O2 has revealed that it will go ahead with using Huawei equipment in its 5G testing in spite of ongoing security concerns surrounding the Chinese firm.
The UK operator has confirmed that trials of its next-generation networks, set to take place in January, will utilise Huawei hardware at over 200 sites across London.
O2 says that the company is going ahead with its 5G trials in the capital, including efforts to make sure its networks are "5G ready" in preparation for a public launch.
"We are testing Huawei radio equipment before we deploy it on some of our cell sites in London. We do this with all vendors in order to drive optimum network for our customers," an O2 spokesman told the FT (opens in new tab).
O2 5G tests
Several other UK operators, including EE and Vodafone, have already said they will also be carrying out 5G test using Huawei equipment. Three has also confirmed a £2bn deal with the firm to build its 5G network across the UK in preparation for a launch next year.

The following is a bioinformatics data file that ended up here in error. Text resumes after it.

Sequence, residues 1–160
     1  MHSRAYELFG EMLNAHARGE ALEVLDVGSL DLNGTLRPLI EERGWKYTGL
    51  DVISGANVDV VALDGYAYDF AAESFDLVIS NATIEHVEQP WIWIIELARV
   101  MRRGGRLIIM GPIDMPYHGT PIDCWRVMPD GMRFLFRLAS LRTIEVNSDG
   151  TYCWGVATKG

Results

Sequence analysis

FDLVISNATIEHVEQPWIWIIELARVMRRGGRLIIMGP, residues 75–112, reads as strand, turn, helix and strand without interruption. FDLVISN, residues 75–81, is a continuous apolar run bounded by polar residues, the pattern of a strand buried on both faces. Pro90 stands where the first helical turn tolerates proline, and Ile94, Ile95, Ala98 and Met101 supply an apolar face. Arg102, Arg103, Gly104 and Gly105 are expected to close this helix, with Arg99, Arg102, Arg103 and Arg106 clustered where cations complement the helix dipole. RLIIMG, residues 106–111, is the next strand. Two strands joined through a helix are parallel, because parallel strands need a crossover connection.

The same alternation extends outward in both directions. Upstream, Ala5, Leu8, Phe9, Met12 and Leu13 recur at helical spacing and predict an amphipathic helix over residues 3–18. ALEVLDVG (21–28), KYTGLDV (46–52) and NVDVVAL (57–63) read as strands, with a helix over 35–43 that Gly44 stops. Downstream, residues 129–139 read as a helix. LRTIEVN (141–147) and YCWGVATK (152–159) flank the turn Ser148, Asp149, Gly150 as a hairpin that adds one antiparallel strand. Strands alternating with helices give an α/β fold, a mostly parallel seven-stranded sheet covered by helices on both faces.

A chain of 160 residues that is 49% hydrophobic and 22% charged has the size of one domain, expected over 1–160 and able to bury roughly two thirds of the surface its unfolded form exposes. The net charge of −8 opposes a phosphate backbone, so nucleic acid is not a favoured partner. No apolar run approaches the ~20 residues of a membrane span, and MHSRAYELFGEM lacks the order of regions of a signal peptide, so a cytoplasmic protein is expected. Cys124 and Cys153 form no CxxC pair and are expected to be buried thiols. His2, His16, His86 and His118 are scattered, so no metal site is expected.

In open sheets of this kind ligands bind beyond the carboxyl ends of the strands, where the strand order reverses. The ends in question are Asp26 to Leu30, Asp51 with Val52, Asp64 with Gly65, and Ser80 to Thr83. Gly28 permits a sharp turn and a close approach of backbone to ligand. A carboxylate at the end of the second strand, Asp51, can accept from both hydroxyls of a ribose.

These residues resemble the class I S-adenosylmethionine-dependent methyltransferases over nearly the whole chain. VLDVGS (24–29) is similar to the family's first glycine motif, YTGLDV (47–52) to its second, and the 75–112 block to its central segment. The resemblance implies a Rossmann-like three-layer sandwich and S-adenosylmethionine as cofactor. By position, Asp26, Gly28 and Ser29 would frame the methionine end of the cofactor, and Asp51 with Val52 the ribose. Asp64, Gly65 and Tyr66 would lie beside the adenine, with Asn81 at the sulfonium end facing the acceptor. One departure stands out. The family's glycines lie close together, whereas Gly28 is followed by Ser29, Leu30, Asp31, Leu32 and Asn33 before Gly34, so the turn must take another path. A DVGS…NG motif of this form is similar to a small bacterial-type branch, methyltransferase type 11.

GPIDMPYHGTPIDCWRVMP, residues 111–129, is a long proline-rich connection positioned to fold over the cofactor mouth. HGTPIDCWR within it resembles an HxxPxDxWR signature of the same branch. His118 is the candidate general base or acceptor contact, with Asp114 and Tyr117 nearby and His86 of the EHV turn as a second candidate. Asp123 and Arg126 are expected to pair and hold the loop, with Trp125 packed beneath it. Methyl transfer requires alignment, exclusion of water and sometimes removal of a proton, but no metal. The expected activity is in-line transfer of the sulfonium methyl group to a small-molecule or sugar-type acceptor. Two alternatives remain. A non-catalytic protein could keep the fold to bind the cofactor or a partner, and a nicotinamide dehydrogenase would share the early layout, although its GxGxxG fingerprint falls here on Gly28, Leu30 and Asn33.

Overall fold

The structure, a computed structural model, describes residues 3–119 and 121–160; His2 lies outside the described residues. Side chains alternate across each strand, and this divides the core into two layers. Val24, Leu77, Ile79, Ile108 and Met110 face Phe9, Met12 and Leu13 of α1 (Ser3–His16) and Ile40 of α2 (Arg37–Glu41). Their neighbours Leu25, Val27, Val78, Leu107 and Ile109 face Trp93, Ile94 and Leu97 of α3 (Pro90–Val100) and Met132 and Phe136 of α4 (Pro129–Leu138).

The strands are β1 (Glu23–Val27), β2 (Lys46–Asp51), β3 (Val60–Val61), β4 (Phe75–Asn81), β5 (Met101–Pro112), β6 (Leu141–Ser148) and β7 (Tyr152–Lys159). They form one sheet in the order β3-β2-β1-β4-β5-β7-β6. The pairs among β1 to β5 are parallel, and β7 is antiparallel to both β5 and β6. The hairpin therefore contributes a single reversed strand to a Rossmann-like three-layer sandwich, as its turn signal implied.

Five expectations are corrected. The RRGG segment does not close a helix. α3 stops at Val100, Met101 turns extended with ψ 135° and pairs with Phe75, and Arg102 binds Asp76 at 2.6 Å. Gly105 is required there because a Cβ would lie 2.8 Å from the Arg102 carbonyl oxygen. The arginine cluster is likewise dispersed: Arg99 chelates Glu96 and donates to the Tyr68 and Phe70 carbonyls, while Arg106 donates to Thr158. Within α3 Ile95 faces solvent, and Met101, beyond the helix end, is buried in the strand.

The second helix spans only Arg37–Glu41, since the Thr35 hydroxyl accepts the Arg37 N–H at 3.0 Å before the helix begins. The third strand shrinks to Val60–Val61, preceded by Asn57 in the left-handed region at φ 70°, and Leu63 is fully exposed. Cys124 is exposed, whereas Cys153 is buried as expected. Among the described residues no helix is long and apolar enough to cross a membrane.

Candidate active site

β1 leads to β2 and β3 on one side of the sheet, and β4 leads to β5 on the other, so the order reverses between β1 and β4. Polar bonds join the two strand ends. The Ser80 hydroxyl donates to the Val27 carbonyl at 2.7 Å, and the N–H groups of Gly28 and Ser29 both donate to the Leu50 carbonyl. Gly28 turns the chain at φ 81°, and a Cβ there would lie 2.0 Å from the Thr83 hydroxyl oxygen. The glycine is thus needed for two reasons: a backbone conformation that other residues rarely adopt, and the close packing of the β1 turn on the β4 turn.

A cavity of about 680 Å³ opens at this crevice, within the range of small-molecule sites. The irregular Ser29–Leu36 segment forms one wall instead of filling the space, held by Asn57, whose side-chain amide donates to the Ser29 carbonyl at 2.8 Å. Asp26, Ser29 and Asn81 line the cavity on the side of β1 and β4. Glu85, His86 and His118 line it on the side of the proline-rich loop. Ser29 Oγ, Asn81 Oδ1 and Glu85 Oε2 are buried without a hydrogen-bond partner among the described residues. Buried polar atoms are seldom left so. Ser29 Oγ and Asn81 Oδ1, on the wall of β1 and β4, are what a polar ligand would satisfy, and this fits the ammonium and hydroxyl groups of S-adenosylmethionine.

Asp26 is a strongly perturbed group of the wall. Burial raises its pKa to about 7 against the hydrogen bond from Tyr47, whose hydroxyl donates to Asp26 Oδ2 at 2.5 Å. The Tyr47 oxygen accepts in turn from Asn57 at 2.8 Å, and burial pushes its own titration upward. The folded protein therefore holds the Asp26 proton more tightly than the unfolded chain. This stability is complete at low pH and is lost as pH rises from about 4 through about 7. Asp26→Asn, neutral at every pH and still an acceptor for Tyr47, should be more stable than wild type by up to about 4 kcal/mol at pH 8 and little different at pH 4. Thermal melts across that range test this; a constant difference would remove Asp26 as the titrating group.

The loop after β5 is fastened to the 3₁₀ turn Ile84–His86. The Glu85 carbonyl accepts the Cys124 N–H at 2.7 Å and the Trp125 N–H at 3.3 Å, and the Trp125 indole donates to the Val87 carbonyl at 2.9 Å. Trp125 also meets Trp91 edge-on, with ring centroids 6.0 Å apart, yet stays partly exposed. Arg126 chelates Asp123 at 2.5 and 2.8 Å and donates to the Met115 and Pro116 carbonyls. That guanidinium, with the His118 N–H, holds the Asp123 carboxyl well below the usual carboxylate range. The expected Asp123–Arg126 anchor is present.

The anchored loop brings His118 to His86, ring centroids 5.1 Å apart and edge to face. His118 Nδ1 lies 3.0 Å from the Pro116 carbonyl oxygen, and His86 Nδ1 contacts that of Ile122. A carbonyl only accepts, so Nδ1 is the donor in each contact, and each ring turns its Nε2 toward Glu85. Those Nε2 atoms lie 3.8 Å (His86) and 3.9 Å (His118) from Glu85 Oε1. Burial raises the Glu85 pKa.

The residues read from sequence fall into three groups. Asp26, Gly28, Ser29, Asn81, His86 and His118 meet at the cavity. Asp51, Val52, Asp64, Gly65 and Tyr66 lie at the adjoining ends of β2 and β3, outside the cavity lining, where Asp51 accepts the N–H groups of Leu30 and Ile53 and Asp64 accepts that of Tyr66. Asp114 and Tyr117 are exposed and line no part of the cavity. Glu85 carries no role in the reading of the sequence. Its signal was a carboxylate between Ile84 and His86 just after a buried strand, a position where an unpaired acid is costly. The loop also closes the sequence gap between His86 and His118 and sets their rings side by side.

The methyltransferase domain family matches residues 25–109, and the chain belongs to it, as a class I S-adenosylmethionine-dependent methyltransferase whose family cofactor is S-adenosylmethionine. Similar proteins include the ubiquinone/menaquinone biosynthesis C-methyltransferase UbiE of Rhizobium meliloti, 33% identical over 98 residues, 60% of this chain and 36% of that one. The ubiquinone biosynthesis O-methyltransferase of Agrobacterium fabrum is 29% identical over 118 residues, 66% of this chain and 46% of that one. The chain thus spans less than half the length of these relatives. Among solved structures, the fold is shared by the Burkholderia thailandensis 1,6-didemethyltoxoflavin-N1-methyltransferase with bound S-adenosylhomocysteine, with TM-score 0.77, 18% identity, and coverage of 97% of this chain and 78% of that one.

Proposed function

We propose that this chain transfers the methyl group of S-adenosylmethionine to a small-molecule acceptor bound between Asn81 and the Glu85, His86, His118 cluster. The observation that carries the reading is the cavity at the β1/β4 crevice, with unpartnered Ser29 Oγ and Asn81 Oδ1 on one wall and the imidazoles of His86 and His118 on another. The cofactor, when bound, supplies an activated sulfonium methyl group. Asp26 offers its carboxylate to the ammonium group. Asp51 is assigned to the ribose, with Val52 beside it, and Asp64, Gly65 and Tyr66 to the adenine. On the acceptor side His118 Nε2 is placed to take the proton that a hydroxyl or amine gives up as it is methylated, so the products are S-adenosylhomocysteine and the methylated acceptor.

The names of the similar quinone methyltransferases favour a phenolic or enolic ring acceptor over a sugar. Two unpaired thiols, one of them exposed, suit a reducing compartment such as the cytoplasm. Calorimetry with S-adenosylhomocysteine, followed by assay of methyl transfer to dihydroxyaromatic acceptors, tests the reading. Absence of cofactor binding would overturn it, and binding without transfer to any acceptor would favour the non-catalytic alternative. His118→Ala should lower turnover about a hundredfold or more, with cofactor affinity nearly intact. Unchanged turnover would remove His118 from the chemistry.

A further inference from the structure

But O2's confirmation is the first since several high-profile rejections of the Chinese firm's equipment in recent weeks, including BT saying it would strip all Huawei hardware from its EE network earlier this month.
Huawei kit in the UK is subject to monitoring by a dedicated GCHQ unit, but the head of MI6 has recently suggested operators should consider the role of Chinese manufacturers in digital infrastructure due to concerns about state-sponsored surveillance.
The company has already been frozen out of the US market, although it does provide equipment to a number of smaller players in the country, while Australia has banned its operators from using Huawei equipment in their 5G rollouts on national security grounds.
Huawei has repeatedly denied such accusations, pointing out that it works with security agencies around the world and that it sells products to more than 500 operators in 170 countries without issue.
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